Overall, I have some mixed feelings about season fourteen. It felt like for every dull story, there was something good that came out of it. Dean's run as the angel Michael was terrible and it felt like it lasted far too long. Michael's plan failed entirely but it did lead to Jack burning his soul to save his family. Nick came back again and again but it led to Jack proving that his soul was lost when he killed him and eventually Mary. It was hard to see at the time but the core of season fourteen was all a set up to having Jack be the next big threat. Amidst that, we got episodes like the Lebanon where John Winchester finally returned and Damaged Goods where Dean was again saved by his brother from damning himself to an eternity in a box at the bottom of the ocean. Other episodes like The Scar featured Dark Kaia that had no significance on the season whatsoever. What still feels like a missed opportunity is how characters like Bobby and Mary were dreadfully underused. It was clear that Supernatural didn't know where Mary fit since the storyline with the British Men of Letters was resolved. She barely appeared throughout season fourteen and could have been a more stable figure for the boys that lead up to her death. The same could have easily been said about Bobby as he helped train Jack to fight but his presence in the show was intermittent at best this season. As far as turning Chuck into the orchestrator of everything, it really depends on how well Supernatural executes next season. I will say that this largely came out of nowhere and felt rushed and should have been something that was subtly hinted at throughout the season rather than the "Chuck is now terrible" as we got in Moriah. If this isn't done very well next season, it will likely just play out as Supernatural running out of ideas and defaulting to God because the Winchesters have really killed everything at this point. Unless it's Amara posing as Chuck... could be.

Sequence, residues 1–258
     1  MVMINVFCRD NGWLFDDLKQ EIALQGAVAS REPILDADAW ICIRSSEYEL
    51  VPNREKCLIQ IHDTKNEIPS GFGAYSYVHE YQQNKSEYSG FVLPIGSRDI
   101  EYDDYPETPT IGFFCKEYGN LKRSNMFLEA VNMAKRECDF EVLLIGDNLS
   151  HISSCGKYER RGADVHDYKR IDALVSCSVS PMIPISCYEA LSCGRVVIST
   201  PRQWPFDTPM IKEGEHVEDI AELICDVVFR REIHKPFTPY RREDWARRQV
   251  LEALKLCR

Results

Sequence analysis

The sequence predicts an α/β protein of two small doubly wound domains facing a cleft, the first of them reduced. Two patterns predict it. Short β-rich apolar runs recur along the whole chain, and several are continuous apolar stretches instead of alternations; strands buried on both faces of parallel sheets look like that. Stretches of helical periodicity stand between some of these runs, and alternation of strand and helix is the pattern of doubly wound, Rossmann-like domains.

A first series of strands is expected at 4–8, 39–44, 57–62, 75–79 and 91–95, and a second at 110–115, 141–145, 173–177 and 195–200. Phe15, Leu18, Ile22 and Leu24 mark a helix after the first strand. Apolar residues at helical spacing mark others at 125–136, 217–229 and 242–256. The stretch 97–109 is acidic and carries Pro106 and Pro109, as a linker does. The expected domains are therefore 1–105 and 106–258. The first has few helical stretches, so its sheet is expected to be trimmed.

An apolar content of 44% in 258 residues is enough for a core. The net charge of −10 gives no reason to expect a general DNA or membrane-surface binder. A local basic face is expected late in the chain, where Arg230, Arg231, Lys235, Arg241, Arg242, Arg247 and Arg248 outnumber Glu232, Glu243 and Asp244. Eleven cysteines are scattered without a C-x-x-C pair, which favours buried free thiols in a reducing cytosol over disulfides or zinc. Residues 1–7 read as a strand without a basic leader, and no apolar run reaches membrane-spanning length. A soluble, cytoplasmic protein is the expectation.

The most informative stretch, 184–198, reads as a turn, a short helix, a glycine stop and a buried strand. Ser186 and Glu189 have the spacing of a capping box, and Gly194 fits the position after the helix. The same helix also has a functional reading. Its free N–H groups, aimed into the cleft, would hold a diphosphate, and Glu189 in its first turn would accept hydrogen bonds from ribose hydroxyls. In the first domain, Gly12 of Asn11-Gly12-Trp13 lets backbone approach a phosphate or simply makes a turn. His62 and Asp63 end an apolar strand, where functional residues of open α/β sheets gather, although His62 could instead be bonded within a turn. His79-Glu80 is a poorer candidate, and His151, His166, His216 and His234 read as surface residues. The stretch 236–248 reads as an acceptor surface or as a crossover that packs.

For all of that, season fourteen still managed to end on a strong note that was more Walking Dead than it was Supernatural. Turning Chuck (God!) into the villain for Supernatural's fifteenth, and final, season could go either way and be a huge success or crash and burn. If Chuck is meant to be that villain, we need to see more of him and understand what is truly at stake. Does existence end if God is no longer a part of it or does it continue without him? Why did he pick these Winchesters to have such a role in his grand design? Whatever happens, I hope you have enjoyed my reviews of Supernatural's fourteenth season, and I will be back it all comes to an end when Supernatural returns for its final season this fall.

Tags: Supernatural, Dean Winchester, Sam Winchester, Castiel, Jensen Ackles, Jared Padalecki, Misha Collins, Jack, Alexander Calvert